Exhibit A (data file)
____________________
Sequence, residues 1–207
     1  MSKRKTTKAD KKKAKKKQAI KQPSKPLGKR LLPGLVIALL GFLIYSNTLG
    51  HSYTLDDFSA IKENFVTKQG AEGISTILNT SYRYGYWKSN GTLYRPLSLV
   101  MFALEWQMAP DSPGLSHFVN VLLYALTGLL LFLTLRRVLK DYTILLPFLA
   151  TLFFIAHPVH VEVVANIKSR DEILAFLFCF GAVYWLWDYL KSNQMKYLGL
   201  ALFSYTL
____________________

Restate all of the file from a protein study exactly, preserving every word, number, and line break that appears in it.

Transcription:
Sequence, residues 1–207
     1  MSKRKTTKAD KKKAKKKQAI KQPSKPLGKR LLPGLVIALL GFLIYSNTLG
    51  HSYTLDDFSA IKENFVTKQG AEGISTILNT SYRYGYWKSN GTLYRPLSLV
   101  MFALEWQMAP DSPGLSHFVN VLLYALTGLL LFLTLRRVLK DYTILLPFLA
   151  TLFFIAHPVH VEVVANIKSR DEILAFLFCF GAVYWLWDYL KSNQMKYLGL
   201  ALFSYTL